wherein the gap distance is varied by utilizing at least two different gap distances such that the gap distance in an outer portion of the spiral resonator is greater than the gap distance in an inner portion of the spiral resonator, and
wherein the dimensions of the central opening are approximately equal to the gap distance in an inner portion of the spiral resonator.

2. The self-resonant spiral resonator of claim 1 wherein the self-resonant spiral resonator has a shape selected from the group consisting of rectangular, rectangular with rounded corners, polygonal with more than four sides and circular.

3. The self-resonant spiral resonator of claim 1 further comprising a conductive tuning pad disposed in the central opening of the self-resonant spiral resonator.

4. The self-resonant spiral resonator of claim 1 wherein the high temperature superconductor used to form the high temperature superconductor line is selected from the group consisting of YBa2Cu3O7, Tl2Ba2CaCu2O8, TlBa2Ca2Cu3O9, (TlPb)Sr2CaCu2O7 and (TlPb)Sr2Ca2Cu3O9.

5. The self-resonant spiral resonator of claim 1 wherein the self-resonant spiral resonator is on a substrate selected from the group consisting of LaAlO3, MgO, LiNbO3, sapphire and quartz.

6. The self-resonant spiral resonator of claim 1 wherein the gap distance is varied by utilizing two different gap distances d1 and d2 such that d1 is the gap distance over an outer portion of the spiral resonator and d2 is the gap distance over an inner portion of the spiral resonator; and

wherein the gap distance d1 is the gap distance for about 25% to about 75% of the length of the spiral of the spiral resonator, and the gap distance d2 is the gap distance over the remaining portion of the length of the spiral of the spiral resonator.

7. The self-resonant spiral resonator of claim 7 wherein the gap distance d1 is the gap distance for about 50% of the length of the spiral of the spiral resonator, and the gap distance d2 is the gap for about 50% of the length of the spiral of the spiral resonator.

8. The self-resonant spiral resonator of claim 1 wherein the gap distance is varied by utilizing two different gap distances d1 and d2 such that d1 is the gap distance over an outer portion of the spiral resonator and d2 is the gap distance over an inner portion of the spiral resonator; and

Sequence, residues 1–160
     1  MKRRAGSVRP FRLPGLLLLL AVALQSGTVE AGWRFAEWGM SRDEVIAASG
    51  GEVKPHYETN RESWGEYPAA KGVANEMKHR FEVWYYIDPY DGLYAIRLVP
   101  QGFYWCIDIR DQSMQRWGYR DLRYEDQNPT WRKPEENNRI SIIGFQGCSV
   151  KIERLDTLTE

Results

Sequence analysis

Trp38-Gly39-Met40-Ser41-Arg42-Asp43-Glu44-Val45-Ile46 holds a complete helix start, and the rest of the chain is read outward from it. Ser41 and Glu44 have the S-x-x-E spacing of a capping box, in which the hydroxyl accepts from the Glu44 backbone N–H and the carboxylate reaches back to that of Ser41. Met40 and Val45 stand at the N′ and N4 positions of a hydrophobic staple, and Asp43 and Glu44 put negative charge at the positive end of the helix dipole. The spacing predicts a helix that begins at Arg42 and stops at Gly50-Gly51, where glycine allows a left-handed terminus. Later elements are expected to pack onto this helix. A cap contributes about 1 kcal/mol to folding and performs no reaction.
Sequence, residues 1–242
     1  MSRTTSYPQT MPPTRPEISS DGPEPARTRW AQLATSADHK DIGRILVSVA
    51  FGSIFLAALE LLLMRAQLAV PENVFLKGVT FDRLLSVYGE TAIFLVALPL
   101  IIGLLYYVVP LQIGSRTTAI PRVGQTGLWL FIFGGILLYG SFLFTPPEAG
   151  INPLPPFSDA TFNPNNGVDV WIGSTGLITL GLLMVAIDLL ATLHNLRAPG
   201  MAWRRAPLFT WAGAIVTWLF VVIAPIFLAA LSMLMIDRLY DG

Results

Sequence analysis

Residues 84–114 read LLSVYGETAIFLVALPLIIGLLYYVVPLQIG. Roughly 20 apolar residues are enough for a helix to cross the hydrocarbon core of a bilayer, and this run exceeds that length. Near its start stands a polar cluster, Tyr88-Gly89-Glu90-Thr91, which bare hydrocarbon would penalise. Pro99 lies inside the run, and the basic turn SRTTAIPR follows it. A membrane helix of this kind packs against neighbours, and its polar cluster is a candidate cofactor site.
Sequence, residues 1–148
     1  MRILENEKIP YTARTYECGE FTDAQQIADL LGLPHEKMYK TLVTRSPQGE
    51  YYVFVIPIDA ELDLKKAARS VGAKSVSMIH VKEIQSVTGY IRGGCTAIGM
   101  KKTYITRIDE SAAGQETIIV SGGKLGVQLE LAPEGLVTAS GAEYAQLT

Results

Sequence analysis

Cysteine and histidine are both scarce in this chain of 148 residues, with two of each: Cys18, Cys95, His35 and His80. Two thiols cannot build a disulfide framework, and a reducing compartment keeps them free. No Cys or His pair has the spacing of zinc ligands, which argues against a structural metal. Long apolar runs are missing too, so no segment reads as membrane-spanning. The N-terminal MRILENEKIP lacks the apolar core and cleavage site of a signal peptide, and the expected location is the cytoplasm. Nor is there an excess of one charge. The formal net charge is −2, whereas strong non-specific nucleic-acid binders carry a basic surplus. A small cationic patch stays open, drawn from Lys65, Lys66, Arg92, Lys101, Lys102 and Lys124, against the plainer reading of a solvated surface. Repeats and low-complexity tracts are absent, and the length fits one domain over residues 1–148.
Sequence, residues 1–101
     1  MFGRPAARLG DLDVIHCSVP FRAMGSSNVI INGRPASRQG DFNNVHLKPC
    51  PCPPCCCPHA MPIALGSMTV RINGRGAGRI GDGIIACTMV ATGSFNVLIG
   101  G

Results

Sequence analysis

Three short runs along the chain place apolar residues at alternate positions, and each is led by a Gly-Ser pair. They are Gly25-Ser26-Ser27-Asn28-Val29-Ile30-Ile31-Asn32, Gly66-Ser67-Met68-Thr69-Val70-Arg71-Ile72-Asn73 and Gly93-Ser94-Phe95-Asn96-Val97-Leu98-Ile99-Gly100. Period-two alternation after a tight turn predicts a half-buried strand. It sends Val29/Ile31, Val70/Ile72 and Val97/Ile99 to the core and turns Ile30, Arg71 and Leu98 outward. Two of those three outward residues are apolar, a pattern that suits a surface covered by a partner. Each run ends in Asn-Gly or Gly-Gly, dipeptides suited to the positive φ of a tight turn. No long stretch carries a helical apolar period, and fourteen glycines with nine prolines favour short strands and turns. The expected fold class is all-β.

wherein the gap distance d1 and the gap distance d2 are each less than half of the line width of the high temperature super conductor line.

9. The self-resonant spiral resonator of claim 1 wherein the gap distance is varied by utilizing at least three different gap distances.

10. The self-resonant spiral resonator of claim 9 wherein each gap distance is less than half of the line width of the high temperature super conductor line.

11. A high temperature superconductor mini-filter comprising at least two self-resonant spiral resonators wherein each of the self-resonant spiral resonators is independently a self-resonant spiral resonator according to claims 1, 6, 8, 9 and 10.

12. The high temperature superconductor mini-filter of claim 11 further comprising

(a) a substrate having a front side and a back side wherein each self-resonant spiral resonator is disposed on the front side of the substrate;
(b) at least one inter-resonator coupling;
(c) an input coupling circuit comprising a transmission line with a first end thereof connected to an input connector of the filter and a second end thereof coupled to a first one of the self-resonant spiral resonators;
(d) an output coupling circuit comprising a transmission line with a first end thereof connected to an output connector of the filter and a second end thereof coupled to a last one of the self-resonant spiral resonators;
(e) a blank high temperature superconductor film disposed on the back side of the substrate as a ground plane; and
(f) a conductive film disposed on the blank high temperature superconductor film.

13. The high temperature superconductor mini-filter of claim 12 wherein the conductive film is a gold film.

14. The high temperature superconductor mini-filter of claim 12 wherein the conductive film serves as a contact to a case of the mini-filter.

15. The high temperature superconductor mini-filter of claim 12 further comprising

(g) a superstrate having a front side and a back side, wherein the front side of the superstrate is positioned in intimate contact with the self-resonant spiral resonators disposed on the front side of the substrate;
(h) a second blank high temperature superconductor film disposed on the back side of the superstrate as a ground plane; and
(i) a second conductive film disposed on the surface of the second high temperature superconductor film.

16. The high temperature superconductor mini-filter of claim 15 wherein the conductive film and the second conductive film are gold films.

17. The high temperature superconductor mini-filter of claim 15 wherein the conductive film and the second conductive film serve as contacts to a case of the mini-filter.

18. A high temperature superconductor mini-multiplexer comprising at least two mini-filters,

wherein each mini-filter has a frequency band that is different from and does not overlap with the frequency band of each other mini-filter;
wherein each mini-filter comprises at least two self-resonant spiral resonators; and
wherein each of the self-resonant spiral resonators in each of the mini-filters is independently a self-resonant spiral resonator according to claims 1, 6, 8, 9 and 10.

19. The high temperature superconductor mini-multiplexer of claim 18 further comprising

(a) a distribution network with one common port as an input for the mini-multiplexer and multiple distributing ports, wherein a respective distributing port is connected to an input of a corresponding mini-filter; and
(b) a multiple of output lines, wherein a respective output line is connected to an output of a corresponding mini-filter.

20. A cryogenic receiver front end comprising at least one mini-filter according to claim 11.

Patent History

Publication number: 20040140861
Type: Application
Filed: Nov 13, 2003
Publication Date: Jul 22, 2004
Inventor: Robby L. Alvarez (Newark, DE)
Application Number: 10712562